Class 13: Working on iBooks

Carlisle School - Printing ShopThis week we will be working in the Mac lab using iBooks Author to edit / format our DBQs for iTunes publication of a class DBQ collection. More info on iBooks Author here.

Peter will provide instruction in using iBooks Author. Students will use  material from their DBQ Design project as the foundation for their contribution to one chapter of the class iBook. Peter will arrange for publication on iTunes with all student work credited. DBQ assignment here. At the end of the class, Peter will collect each student chapter and assemble into a full iBook for review in class next week.

Image credit:  Carlisle School – Printing Shop (LOC)
Bain News Service,, publisher. [between ca. 1910 and ca. 1915]
Repository: Library of Congress Call Number: LC-B2- 2484-10

Note: Carlisle Indian Industrial School in Carlisle, Pennsylvania, was the flagship Indian boarding school in the United States from 1879 through 1918. Founded in 1879 by Captain Richard Henry Pratt under authority of the US federal government, Carlisle was the first federally funded off-reservation Indian boarding school. It was founded on the principle that Native Americans were the equals of European-Americans, and that Native American children immersed in mainstream Euro-American culture would learn skills to advance in society. More

9 Replies to “Class 13: Working on iBooks”

  1. I’m excited to wrap up our work on the iBooks. It’s definitely a format I enjoy working with, and I look forward to giving them a full test run in a couple weeks when we check out the iPads. I’ve been thinking recently about how creating an iBook in the classroom gives students the opportunity to take ownership of their work. The prospect of an audience always inspires an extra amount of effort, no matter the project.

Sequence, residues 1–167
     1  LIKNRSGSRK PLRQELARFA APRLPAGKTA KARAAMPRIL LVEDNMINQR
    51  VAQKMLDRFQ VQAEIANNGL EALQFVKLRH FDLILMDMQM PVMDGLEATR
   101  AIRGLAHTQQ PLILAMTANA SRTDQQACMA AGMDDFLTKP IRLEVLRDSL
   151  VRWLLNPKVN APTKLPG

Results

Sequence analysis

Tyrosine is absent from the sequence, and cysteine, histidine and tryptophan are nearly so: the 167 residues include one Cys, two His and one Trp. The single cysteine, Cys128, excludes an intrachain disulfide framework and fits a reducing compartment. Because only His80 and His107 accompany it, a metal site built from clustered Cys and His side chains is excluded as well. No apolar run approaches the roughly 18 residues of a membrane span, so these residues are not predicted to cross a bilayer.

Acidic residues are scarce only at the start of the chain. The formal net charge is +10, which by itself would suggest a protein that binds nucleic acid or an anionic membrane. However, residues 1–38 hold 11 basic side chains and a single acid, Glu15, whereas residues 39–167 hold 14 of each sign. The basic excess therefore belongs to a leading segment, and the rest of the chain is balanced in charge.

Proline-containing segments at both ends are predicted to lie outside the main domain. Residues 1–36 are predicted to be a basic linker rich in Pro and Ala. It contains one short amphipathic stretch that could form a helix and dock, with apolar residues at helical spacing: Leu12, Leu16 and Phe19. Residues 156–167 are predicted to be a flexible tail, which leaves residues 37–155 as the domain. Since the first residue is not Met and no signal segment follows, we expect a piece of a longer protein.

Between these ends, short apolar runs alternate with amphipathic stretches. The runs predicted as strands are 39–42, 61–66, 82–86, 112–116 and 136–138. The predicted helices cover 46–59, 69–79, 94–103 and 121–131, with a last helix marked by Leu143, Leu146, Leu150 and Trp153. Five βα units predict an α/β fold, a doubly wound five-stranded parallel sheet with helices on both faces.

1. Add to that no publication costs and distribution to a global audience for the student’s work. Give authentic audience and purpose to their writings.
      ~ Downside – you need a newer Mac for design and at least a few iPads for students to see their work.
      ~ But if your school has that capacity – no downside.

  2. I spent most of last class working on a new DBQ that is better suited for the IBook. I am now focusing on the Vietnam War, and how the attitudes in the USA were reflected in the music of the 1960s. I have chosen a variety of songs and primary sources to reflect the growing antiwar sentiments.
    While I did not get to work with the IBook program at all, I enjoyed watching my classmates working with it and beginning to develop their DBQ iBooks. It seemed to take most People about 30 minutes to become semi proficient, and I am excited to begin working with it myself. My new DBQ should be much more compatible for the IBook format with music, videos, and documents.

  3. I’m excited to have the iBook work complete from the content end of things. The final product will be fun to play with. I’m excited to flip through it on the iPad and investigate the iPad’s book-reading format. The iBook making process is something that I definitely see myself using in the future. As classrooms figure out how to effectively integrate technology into lessons, I see this as a viable avenue for me and my teaching style.

  4. I’m really happy to be done with the iBooks – it was a great learning experience, but I am NOT a mac person. Thank god I had a mac person for a partner…I’m also excited to see everyone else’s iBooks, to see how everyone’s fits together. Even though I didn’t really like the iBook maker program thing, I definitely would use this in a class of technology-savvy students – they would probably get a kick out of making their own books. Overall, great learning experience and great way to integrate technology in a classroom.

  5. Working with iBook tonight was a great experience! iBooks is actually fairly simple and intuitive. After just a bit of instruction we were on our way. Now that our chapter in the iBook is finished I am excited to see how the whole iBook looks together. It is exciting to think students will be using our work.

  6. Working on the iBooks was a great experience. It’s actually much easier to work than I previously thought it would be. I thought of a good idea for a DBQ at the end of class to day and I want to make it an iBook during winter break now.

  7. This project gave us a nice taste of what this platform is capable of. Like everyone else, I can see myself using it in the future, for myself and for my students. It will be interesting to see whether or not the public will actually use this, and if they do, whether they find it useful.

  8. I really enjoyed working on the iBook. It was a very fulfilling experience and I cannot wait until I can show my friends and family my section of the work. Looking back on it now, if my classroom had the resources I think this would make a fine project or lesson as the program itself is easy to use.

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